Summary: This is an intro to the series on Judges and sets the stage and context for the following sermons on Gideon and Samson. You could say that the theme of this sermon is "What went wrong?"


Culture has a very powerful influence in our lives. What our culture dictates we often follow along with. If our culture says it is okay, then it must be okay. In some circles of church community smoking was considered a sinful practice. Now our culture says it is an unhealthy practice which can kill you, so thousands are trying to quit smoking.

Culture and faith vie for the place of authority in our lives whereby one or the other can dictate how we live. Culture is not evil; culture is what defines a people; culture is a good thing. It is when culture takes the place of authority in the life of Christians over and against faith that there is a clash.

The Apostle Paul charged the Philippians with this mandate: “Do everything without complaining or arguing, so that you may become blameless and pure, children of God without fault in a crooked and depraved generation, in which you shine like stars in the universe…” (Phil 2:14-15).

That describes our own situation very well. The challenge of these words is threefold: our heart attitudes are revealed in our actions, so be careful how you live out your faith; second, this life is to be lived out in a crooked and perverse generation, one of such moral decay that it can’t get any worse; and third, we are to live a quality of life that we shine in the darkness like stars in the heavens.

The problem is that when everyone is following the same path to depravity, when culture dictates what’s okay and what’s not in opposition to our faith, we can easily lose heart. When no one’s trying to be holy, why be holy?

This is the story of the book of Judges. And it is our story, our generation, and our challenge. Where do we find real strength when our hearts have grown faint?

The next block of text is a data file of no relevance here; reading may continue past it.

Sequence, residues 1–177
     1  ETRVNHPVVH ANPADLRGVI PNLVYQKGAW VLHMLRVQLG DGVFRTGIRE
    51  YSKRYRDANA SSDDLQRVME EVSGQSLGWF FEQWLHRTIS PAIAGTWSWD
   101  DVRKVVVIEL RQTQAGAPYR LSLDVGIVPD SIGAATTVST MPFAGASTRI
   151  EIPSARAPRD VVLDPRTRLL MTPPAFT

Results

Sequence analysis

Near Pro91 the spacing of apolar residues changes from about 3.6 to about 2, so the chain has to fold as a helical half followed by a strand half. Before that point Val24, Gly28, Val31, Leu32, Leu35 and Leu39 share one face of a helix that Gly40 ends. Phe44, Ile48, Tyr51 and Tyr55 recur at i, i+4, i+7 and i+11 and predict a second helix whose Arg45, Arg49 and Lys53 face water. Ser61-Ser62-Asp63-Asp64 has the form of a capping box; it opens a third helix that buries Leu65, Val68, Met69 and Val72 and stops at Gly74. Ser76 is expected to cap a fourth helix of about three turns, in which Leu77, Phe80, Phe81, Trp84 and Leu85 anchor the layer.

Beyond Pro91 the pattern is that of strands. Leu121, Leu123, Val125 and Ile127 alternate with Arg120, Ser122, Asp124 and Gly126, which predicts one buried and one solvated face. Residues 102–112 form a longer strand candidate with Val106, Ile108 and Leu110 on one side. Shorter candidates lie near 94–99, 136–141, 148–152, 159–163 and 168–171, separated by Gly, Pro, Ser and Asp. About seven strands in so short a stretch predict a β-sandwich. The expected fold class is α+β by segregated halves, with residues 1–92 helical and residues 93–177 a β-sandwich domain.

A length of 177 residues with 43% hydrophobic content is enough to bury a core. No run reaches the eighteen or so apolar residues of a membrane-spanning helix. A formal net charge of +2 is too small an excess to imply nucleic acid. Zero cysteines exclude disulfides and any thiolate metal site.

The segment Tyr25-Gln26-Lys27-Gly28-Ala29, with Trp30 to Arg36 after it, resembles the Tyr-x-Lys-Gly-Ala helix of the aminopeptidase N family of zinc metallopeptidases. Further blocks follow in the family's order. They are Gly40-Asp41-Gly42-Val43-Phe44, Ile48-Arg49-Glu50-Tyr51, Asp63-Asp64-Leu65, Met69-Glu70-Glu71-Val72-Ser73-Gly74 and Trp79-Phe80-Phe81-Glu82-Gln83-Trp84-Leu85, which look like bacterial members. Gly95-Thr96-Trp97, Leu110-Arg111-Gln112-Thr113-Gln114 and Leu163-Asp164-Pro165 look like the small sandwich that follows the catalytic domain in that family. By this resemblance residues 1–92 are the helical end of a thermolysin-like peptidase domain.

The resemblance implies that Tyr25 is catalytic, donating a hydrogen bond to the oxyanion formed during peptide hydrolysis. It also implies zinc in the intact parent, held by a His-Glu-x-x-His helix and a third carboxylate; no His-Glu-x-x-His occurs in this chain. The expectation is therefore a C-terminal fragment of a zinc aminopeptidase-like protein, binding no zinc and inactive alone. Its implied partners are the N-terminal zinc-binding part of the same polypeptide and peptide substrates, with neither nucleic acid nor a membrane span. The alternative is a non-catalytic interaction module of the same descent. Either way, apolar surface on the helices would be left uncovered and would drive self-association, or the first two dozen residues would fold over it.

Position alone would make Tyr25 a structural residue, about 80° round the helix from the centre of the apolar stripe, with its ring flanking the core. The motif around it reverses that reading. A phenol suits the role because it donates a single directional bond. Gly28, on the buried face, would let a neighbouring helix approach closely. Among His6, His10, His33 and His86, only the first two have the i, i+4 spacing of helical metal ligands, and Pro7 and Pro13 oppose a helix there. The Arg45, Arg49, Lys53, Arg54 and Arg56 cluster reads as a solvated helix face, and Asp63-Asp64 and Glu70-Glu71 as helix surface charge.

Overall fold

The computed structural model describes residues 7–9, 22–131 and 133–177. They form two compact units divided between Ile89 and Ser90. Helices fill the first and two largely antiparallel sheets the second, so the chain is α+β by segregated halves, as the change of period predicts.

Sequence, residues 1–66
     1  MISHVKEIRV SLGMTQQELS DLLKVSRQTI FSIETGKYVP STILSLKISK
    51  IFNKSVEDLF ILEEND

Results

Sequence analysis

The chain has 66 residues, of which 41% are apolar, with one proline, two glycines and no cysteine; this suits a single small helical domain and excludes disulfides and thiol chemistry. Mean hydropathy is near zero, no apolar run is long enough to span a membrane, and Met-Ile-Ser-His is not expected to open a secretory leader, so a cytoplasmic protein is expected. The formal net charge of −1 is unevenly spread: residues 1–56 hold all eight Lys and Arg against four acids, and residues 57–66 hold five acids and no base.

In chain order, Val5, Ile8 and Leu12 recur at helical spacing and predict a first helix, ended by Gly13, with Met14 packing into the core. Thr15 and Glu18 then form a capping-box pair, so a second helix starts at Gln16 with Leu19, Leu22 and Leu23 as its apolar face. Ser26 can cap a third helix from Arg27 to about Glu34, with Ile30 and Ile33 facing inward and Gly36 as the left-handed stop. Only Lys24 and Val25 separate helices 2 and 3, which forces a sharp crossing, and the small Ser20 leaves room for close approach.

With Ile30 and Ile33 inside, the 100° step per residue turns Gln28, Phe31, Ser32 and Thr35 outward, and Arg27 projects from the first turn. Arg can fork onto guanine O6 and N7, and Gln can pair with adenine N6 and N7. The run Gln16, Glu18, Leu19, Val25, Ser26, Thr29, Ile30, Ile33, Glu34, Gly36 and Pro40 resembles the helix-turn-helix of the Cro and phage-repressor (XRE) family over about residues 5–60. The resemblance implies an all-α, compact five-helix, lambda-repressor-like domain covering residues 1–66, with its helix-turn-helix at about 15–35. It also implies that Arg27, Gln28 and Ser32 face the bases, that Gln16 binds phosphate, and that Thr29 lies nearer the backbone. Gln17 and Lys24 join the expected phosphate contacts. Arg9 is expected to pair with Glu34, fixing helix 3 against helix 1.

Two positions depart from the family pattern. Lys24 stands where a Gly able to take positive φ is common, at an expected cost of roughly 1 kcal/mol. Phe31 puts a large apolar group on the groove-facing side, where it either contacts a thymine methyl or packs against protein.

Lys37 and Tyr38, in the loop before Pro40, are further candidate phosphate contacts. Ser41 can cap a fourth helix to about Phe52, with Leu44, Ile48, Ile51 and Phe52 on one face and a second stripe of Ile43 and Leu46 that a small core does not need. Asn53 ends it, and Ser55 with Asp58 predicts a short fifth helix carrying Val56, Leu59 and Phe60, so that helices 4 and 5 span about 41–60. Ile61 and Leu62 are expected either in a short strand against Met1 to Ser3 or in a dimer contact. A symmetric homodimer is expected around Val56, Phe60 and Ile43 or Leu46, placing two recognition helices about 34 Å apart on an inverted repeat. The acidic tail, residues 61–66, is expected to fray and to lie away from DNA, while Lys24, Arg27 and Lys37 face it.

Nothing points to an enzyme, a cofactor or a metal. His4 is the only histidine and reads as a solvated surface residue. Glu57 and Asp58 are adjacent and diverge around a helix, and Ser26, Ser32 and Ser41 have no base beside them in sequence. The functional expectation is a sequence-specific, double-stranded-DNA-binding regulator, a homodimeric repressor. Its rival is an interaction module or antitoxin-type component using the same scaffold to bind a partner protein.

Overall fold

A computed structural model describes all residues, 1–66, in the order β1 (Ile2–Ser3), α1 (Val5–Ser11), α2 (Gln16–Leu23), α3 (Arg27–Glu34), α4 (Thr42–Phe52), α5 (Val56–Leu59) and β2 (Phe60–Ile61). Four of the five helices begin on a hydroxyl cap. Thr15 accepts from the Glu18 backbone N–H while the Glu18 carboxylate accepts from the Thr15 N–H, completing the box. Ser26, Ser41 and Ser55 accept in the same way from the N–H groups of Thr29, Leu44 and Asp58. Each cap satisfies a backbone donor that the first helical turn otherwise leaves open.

Our introduction to the book of Judges today sets the stage for our series on Real Strength and how God uses weak people to do his will. Let’s explore this story together.

1. “Choose for yourselves this day…”

The book of Judges begins with these telling words, “After the death of Joshua…” This is a critical turning point for the people of Israel. Place this in the context of Israel’s history: God promises to give Abraham many descendents, a land and to be his God; these offspring of Abraham grow into a nation but under Egyptian slavery; after 400 years Moses leads the people out of Egypt to the Promised Land; Joshua is the military leader who leads the invasion into Canaan. Now Joshua, the last figurehead of authority in Israel, is dead.

It is this Joshua who brings the people together at the conclusion of the book bearing his name, and says “…choose for yourselves this day whom you will serve…” Are you going to serve the idols of the popular culture around you, or are you going to serve Yahweh, the LORD God? Joshua then famously declares, “As for me and my house, we will serve the LORD” (Joshua 24:15). Enthusiastically the people respond that they will serve the LORD. Joshua replies that they should remember that God is a jealous God and will not tolerate them chasing after idols, if they so choose.

What happens when an authority figure exits the stage? Often the rules get slackened and the people drift from the truth. With authority figures like Moses and Joshua gone, the people began to disobey God and sinned with idol worship.

This is where we find the situation in Judges 2. We read a very odd little piece here: “The angel of the LORD went up from Gilgal to Bokim…” This is a monumental transition. What is significant about this? Moses and Joshua may be gone but in their midst seems to have been the presence of the angel of the LORD. This is not just any angel, but a human manifestation of God. Many believe that it is the Lord Jesus Christ himself who dwelled in their presence.

He goes up from Gilgal to Bokim. So what? Well Gilgal was the place where the people of Israel renewed the practice of circumcision and committed themselves to the LORD after having crossed the Jordan (Joshua 5). Gilgal was a place of victory and obedience. But something happened since then…the people sinned. So the angel of the LORD left Gilgal and went to Bokim, the place of weeping.

And yet, in this rebuke, the angel of the LORD reminds them of his perfect promises. He said, “I will never break my covenant with you” (2:1). A covenant is a two-sided arrangement. Each side vows to keep their promise no matter what. God is perfect and so he cannot go against his own character and break a promise. But the other party, the people of Israel did break their vow to God. Still God keeps his end of the agreement and will do so forever. But there are consequences for the people because they have sinned. The LORD says in v. 3 that he will not drive the enemies of Israel out but will leave them in the Promised Land to test them and pester them.

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